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This article originally appeared on May 8, 2017, in Convivium, a publication of CARDUS: www.cardus.ca. Thanks for the mention! Controversy over religion and science is nothing new. That’s certainly true in the world of education. Indeed, a recent commentary in the Washington Post lamented 60 examples of what the author called “anti-science education legislation” that could affect what American students are taught regarding the evolution-creation debate and global warming. We may even see the odd flare-up of such conflict in Canada. So, it’s not surprising that public skepticism abounds regarding the ability of religious schools – evangelical Christian schools in particular – to teach science. However, new research by the Cardus Religious Schools Initiative (CRSI) at the University of Notre Dame offers evidence that such skepticism is ill founded. In their newly released paper, Blinded by Religion? Religious School Graduates and Perceptions of Science in Young Adulthood , researchers Jonathan Schwartz and David Sikkink examined religious school graduates’ orientations toward science. Using the latest Cardus Education Survey data from Canada and the United States, they analyzed graduates’ views on a range of subjects, including science, creation vs. evolution, and the number of science courses taken. They found that graduates of religious schools do sometimes hold distinct views on science as compared to public school graduates. But these distinctions aren’t uniform across the board. Neither are they the kinds of distinctions that would inspire popular caricatures of religious school grads as simpletons who believe in a flat Earth. In fact, when it comes to taking science courses, you’d be hard-pressed to find much difference between Canadian religious and public school graduates. Controlling for family background and parental education, Schwartz and Sikkink found that “students at private religious schools enroll in science classes at a similar rate to public school peers in Canada.” The distinction in the United States, meanwhile, is that only homeschoolers (religious and non-religious) were the least likely of all students to have taken courses in biology, chemistry, or physics, or to have had at least three science courses throughout high school. There was little to distinguish American graduates of private Christian schools from their public school counterparts in that regard. What about attitudes toward scientists? You might expect some animosity towards them from religious grads, but you wouldn’t find it in Canada. “Generally speaking, Canadians hold scientists in similar esteem regardless of their high school educational context,” say the researchers. It’s a slightly different picture in the United States. There, graduates of evangelical Protestant schools tend to be less trusting of scientists and assign a lower value to their social contributions than public school grads do. That’s a difference to be sure, but hardly a unique or problematic one from a social point of view. The battle over whether to teach creationist critiques of evolutionary theory is certainly sharper in the United States than in Canada. And that seems to emerge in the research as well. “In Canada, school sector does not on its own increase an individual’s belief in literal versions of creationism, but the U.S. case differs,” write Schwartz and Sikkink. American grads of evangelical Protestant high schools were found to be “more likely to adhere to a literal version of creation than their public high school peers.” What they couldn’t determine, though, was whether this was the result of teaching in science class, or an indirect result of the students’ religious and social lives. In short, it will take more research to draw conclusions about whether these schools actually make much difference in graduates’ creationist views. What about perceived conflicts between religious beliefs and science? On this question, both in Canada and in the U.S., there is little evidence to show that the type of school a student attended affects their likelihood to sense a science-religion conflict. However, the researchers did find that the more high school science courses Canadian students take, the more likely they are to perceive a conflict between science and religion. Notably, though, that holds regardless of which type of school they attended. So, this could be the result of a cultural difference between Canadians and Americans. While the science-religion conflict does not come up in a big way in this research, that’s not to say that perceptions of conflict don’t exist. Some educators are taking steps to equip themselves to handle such issues in the classroom, as evidenced by the creation of the FAST (Faith and Science Teaching) Curriculum developed by the Kuyers Institute and The Colossian Forum. The curriculum aims to help teachers lead their students into studying the intersection of faith and science, possibly reducing perceptions of conflict in the process. Meanwhile, William T. Cavanaugh, DePaul University theology professor, and James K. A. Smith, editor-in-chief of Cardus’s public theology journal Comment , have co-edited a new book that tackles related issues from a different angle. Evolution and the Fall examines the implications for a Christian understanding of creation and the entry of sin into the world if the widely accepted view of humanity’s evolutionary origins are true. Its provocative premise lays bare issues that Christians will inevitably have to deal with. All in all, we do see some differences between graduates of private Christians schools and public school graduates. But they aren’t all that stark or as shocking. If anything, this latest piece of CRSI research is perhaps our strongest indicator yet that Christian schools in Canada and the United States don’t have as troubled a relationship with science as many would expect. What’s more, there are efforts within the wider Christian community to bridge what perceived gaps do exist between faith and science.  In time, the research and bridge-building efforts may increase understanding and support for the vital place that religious schools hold in the education systems of both Canada and the U.S.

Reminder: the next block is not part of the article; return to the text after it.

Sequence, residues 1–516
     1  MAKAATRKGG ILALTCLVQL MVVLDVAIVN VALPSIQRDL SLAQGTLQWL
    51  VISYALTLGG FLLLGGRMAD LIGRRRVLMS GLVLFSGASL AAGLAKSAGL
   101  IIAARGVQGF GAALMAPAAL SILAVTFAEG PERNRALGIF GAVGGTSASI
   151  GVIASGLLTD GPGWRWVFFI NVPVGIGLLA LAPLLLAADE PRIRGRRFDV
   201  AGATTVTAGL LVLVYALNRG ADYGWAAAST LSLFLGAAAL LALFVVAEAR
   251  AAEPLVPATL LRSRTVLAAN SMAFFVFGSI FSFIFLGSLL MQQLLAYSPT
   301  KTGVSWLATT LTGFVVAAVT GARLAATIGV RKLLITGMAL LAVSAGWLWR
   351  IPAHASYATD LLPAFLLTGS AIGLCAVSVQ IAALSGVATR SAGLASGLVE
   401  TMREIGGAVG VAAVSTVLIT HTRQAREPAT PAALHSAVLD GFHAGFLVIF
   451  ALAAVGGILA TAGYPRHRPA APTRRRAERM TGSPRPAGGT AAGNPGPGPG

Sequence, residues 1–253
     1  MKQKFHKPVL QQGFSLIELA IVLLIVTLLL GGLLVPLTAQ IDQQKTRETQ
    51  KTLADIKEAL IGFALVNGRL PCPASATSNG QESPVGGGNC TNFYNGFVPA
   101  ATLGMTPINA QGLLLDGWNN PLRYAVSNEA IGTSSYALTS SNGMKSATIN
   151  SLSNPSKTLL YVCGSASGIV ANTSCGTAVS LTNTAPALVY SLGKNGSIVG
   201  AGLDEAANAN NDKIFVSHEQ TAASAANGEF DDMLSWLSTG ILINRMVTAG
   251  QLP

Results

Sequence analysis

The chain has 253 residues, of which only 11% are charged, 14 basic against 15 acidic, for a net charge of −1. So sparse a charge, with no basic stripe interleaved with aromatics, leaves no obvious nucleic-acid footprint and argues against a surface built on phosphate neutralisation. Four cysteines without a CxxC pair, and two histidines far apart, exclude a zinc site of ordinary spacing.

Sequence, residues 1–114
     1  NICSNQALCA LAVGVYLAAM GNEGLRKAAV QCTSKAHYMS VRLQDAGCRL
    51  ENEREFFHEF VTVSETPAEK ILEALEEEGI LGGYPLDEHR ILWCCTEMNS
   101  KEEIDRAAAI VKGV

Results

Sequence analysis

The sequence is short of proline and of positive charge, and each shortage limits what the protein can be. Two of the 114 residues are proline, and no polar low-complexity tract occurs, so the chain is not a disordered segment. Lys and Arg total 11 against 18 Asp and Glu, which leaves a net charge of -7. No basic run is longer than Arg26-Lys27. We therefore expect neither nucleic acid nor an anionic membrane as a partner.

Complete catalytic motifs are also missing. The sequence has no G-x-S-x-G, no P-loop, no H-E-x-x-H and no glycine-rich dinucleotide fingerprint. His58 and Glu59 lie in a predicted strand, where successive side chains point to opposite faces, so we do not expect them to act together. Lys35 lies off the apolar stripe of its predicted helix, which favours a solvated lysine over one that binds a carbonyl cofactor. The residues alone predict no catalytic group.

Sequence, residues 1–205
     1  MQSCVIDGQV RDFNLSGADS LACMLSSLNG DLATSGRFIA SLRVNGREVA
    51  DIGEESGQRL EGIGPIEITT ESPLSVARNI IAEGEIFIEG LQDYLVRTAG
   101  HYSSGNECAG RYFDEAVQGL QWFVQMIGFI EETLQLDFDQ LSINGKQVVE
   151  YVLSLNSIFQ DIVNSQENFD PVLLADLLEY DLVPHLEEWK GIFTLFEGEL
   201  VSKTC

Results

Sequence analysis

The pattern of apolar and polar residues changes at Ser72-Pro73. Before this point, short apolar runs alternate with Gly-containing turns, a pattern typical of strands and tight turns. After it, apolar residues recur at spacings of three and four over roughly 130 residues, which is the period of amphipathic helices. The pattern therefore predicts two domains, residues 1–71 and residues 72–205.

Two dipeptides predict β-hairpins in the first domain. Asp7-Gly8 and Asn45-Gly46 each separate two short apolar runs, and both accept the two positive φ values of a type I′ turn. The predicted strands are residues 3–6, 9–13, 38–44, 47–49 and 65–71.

Stewarding Conflict